She’s international, oceanic and saintly, too.
Thanks to Corinne for suggesting Marina as Name of the Day.
Look up Marina in baby name books, and you might find her listed as the feminine form of the Roman Marinus. Fair enough – both Marius and Mario share those roots. But it is irresistible to link the whole cluster to the Latin marinus – of the sea. We’ve all been doing it for generations.
Marina didn’t become a noun until the 20th century. In American English, she may be a place to dock your boats, but she was in use as a given name long before. Back in the eighth century, one bearer of the name became a saint. Her relics have been housed in Venice since the 1200s. That’s why she’s big in Italy. There have been more Saints Marina since, explaining some of her international appeal.
In the early seventeenth century, Shakespeare used the name for the daughter of Pericles in Pericles, Prince of Tyre.
You’ll find Marina on the map from California to Croatia. A few notable bearers of the name include:
- Marina Khan was a Pakistani actress in the 1980s and 90s;
- Marina Watanabe is a Japanese actress. It’s said her father chose her name because he loved boating;
- In the 1500s, a Mexican woman served as an interpreter for Hernán Cortés as he conquered her country;
- In the 1960s, Marina was a marionette cursed into muteness on ITV’s Stingray;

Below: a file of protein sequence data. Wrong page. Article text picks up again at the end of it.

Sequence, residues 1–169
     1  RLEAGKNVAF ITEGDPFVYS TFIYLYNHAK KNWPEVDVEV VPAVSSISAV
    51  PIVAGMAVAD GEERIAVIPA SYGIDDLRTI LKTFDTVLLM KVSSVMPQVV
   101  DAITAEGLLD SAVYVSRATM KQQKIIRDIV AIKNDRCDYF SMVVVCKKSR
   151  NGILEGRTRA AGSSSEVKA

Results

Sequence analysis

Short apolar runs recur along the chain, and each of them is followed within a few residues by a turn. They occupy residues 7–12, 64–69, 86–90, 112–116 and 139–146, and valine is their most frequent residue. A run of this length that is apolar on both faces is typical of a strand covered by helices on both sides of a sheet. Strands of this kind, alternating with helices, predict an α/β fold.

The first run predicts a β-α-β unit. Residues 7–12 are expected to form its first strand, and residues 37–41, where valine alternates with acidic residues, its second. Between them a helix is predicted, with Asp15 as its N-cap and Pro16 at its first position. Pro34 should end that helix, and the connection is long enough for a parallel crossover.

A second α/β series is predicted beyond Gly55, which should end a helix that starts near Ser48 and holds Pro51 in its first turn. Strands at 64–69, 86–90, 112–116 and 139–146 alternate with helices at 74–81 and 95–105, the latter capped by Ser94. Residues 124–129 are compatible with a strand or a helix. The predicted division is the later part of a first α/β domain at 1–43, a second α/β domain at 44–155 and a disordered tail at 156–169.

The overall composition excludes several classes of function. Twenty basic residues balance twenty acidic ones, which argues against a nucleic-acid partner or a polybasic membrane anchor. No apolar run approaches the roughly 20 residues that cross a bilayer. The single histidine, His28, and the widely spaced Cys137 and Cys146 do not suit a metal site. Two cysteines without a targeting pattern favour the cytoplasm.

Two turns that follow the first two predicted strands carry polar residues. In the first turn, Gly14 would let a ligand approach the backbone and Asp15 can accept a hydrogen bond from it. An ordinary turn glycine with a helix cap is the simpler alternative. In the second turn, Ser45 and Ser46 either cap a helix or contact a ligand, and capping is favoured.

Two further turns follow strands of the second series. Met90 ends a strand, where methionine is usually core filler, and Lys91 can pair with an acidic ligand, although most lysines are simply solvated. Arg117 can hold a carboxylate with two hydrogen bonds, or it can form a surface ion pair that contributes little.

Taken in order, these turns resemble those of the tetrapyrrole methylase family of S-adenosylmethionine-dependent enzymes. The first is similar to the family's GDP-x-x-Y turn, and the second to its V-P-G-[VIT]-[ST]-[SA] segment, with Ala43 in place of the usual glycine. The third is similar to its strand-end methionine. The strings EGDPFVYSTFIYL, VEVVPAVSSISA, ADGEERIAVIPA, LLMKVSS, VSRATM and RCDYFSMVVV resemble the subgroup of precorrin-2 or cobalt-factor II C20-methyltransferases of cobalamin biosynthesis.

- Also on television, Marina was a rags-to-riches drama on Telemundo;
- Princess Marina of Greece grew up in exile, eventually marrying into the British Royal Family and becoming the Duchess of Kent;
- Marina Berti was an Italian actress from the 1940s through the 70s – and mother to Marina Giordana;
- Russian poet and playwright Marina Tsvetaeva suffered under the Soviet regime and is better known posthumously.
It’s an eclectic bunch.
Marina has always been in sparing use in the US. She got a boost in the 1930s, when Princess Marina’s marriage into the British Royal family made the news.
But her highest ranking wasn’t until the 1990s, when she peaked at #219 in 1994. Marina references have been steady through the years, so it doesn’t seem as if any one famous or literary Marina encouraged her use. Instead, it may’ve been Marina’s similarity to Top 100 choices like Marissa and Mariah. And Jessica, another Bard-inspired baby name, held the #1 spot.
Today, Marina ranks just #538. But because she was never as popular as Jennifer or Michelle, Stephanie or Tiffany, she doesn’t quite sound dated. Friends alum Matt LeBlanc gave the name to his daughter.
Overall, she’s pretty and feminine. While Marina might not be especially fashion-forward, that could make her the perfect compromise – somewhere between a Top Ten staple like Olivia and the unusual choices that you’ll find yourself repeating and spelling endlessly.